GOP Bills Aimed to Offset Spending Cuts

WASHINGTON (AP) -- The Republican-led House last year twice passed bills to replace automatic spending cuts now scheduled to go into effect March 1. The bills, first passed on May 10 and then in an updated version on Dec. 20, both advanced by narrow margins with no Democratic votes. They were never considered in the Senate and did not carry over to the new Congress.

The bills would have spared the Pentagon and certain domestic programs from cuts, now put at $85 billion over the last seven months of this budget year. That money would have been replaced by cuts and other savings from domestic programs totaling more than $300 billion over the next decade. They included no new tax revenues.

Republicans said their bills would eliminate bailouts, duplications, slush funds, and fraud. Democrats said they would undermine social service programs that help the poor.

Among the principal provisions:

  • Rule-tightening that could reduce food stamp recipients, now about 47 million, by about 2 million, and shrink school lunch programs.
  • Blocking illegal immigrants from claiming refundable tax credits of up to $1,000 a child.
  • Cutting Social Service Block Grant programs, which Republicans say are duplicative, affecting programs such as Meals on Wheels for the elderly, child care and child abuse prevention.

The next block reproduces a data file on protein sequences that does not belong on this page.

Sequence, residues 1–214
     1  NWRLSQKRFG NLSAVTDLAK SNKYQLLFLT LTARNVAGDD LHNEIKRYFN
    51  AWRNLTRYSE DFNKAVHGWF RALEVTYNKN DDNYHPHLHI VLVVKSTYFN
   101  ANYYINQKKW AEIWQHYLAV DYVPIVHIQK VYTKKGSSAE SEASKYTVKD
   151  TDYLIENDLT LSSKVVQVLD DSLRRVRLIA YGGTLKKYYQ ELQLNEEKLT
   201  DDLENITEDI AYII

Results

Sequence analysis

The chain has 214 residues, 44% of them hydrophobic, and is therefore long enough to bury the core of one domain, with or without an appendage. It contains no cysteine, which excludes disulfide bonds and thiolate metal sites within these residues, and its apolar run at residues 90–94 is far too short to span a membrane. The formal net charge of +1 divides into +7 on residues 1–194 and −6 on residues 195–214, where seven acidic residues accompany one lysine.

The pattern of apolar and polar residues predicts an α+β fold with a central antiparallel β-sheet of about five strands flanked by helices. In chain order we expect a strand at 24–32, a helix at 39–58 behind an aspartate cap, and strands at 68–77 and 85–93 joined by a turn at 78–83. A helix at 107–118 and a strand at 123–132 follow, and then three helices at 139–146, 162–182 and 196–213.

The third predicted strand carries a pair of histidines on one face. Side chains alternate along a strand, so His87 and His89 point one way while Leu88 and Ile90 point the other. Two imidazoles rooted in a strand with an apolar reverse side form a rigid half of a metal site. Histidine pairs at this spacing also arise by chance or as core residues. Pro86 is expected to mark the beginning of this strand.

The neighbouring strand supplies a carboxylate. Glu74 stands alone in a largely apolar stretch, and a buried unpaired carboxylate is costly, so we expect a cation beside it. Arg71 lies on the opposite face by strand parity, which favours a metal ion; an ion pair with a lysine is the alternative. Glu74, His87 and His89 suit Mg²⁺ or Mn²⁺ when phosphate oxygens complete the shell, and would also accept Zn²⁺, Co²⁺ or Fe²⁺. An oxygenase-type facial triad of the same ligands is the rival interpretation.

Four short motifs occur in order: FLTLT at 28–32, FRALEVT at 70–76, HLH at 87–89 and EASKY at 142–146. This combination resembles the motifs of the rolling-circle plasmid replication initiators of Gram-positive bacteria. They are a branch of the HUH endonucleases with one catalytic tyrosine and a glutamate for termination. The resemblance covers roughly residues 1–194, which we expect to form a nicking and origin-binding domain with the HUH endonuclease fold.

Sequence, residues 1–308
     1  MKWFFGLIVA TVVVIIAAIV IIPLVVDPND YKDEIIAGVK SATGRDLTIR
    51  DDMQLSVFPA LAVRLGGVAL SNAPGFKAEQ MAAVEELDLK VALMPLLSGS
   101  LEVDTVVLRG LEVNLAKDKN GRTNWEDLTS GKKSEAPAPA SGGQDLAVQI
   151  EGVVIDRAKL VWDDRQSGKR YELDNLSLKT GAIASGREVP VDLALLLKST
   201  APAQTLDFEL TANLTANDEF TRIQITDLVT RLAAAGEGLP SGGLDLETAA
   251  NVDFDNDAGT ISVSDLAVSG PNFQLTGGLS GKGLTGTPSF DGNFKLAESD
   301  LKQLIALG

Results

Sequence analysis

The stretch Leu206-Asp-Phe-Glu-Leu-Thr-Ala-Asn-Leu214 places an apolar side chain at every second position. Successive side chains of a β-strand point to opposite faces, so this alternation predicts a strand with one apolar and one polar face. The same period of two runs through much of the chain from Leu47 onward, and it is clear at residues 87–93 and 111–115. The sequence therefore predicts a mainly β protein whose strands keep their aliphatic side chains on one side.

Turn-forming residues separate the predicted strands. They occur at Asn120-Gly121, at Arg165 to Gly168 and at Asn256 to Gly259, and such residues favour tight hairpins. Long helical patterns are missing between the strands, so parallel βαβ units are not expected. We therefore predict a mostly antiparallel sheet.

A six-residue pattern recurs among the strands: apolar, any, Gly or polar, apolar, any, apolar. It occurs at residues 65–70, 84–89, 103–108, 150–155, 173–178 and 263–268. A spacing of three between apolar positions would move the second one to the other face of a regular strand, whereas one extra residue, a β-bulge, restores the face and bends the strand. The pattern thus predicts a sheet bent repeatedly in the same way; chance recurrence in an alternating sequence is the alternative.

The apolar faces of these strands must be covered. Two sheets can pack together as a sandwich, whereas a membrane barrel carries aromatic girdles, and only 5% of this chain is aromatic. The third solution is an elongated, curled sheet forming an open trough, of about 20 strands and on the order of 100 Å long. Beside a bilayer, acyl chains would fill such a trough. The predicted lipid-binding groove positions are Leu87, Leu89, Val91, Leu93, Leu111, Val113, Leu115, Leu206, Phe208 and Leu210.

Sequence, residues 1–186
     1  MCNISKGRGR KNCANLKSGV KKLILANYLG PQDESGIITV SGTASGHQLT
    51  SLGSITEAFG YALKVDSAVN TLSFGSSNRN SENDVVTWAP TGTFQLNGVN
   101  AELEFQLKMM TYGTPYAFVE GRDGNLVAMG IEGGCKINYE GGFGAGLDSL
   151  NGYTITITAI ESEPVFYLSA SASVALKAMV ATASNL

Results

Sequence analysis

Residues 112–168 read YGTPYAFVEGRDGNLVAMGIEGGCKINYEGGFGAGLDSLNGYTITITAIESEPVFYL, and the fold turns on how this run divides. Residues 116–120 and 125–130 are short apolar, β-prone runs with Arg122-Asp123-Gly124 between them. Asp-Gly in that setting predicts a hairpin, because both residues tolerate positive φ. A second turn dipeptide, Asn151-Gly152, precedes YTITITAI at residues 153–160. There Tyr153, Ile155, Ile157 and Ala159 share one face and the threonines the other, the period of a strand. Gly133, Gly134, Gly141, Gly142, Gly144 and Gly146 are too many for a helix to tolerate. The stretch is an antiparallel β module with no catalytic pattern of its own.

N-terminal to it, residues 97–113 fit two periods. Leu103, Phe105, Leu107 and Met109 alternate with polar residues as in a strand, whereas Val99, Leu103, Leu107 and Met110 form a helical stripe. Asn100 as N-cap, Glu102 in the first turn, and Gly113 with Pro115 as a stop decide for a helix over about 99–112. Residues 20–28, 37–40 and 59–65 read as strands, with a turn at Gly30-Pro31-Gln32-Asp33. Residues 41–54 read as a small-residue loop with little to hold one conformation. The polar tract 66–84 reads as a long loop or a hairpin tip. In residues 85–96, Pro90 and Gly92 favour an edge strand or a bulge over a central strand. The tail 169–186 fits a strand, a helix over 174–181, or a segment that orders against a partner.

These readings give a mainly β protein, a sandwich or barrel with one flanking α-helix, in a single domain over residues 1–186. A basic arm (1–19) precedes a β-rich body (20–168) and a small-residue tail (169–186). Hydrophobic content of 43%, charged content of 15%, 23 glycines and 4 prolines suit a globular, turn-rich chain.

• Taking away the government's authority to liquidate "too big to fail" financial institutions to avoid a Wall Street crisis.
  • Eliminating the ability of the new Consumer Financial Protection Bureau to set its own budget.
  • Consolidating dozens of duplicative federal employment training programs.
  • Defunding or limiting several provisions in the new health care act, including provisions that give states incentives to increase their Medicaid rolls.
  • Seeking reductions in health care costs by reining in medical malpractice lawsuits.
  • Eliminating a program to help homeowners who are "underwater" on their mortgages with loan modifications.
  • Requiring federal workers to contribute 5 percent more of their pay toward their pension plans.

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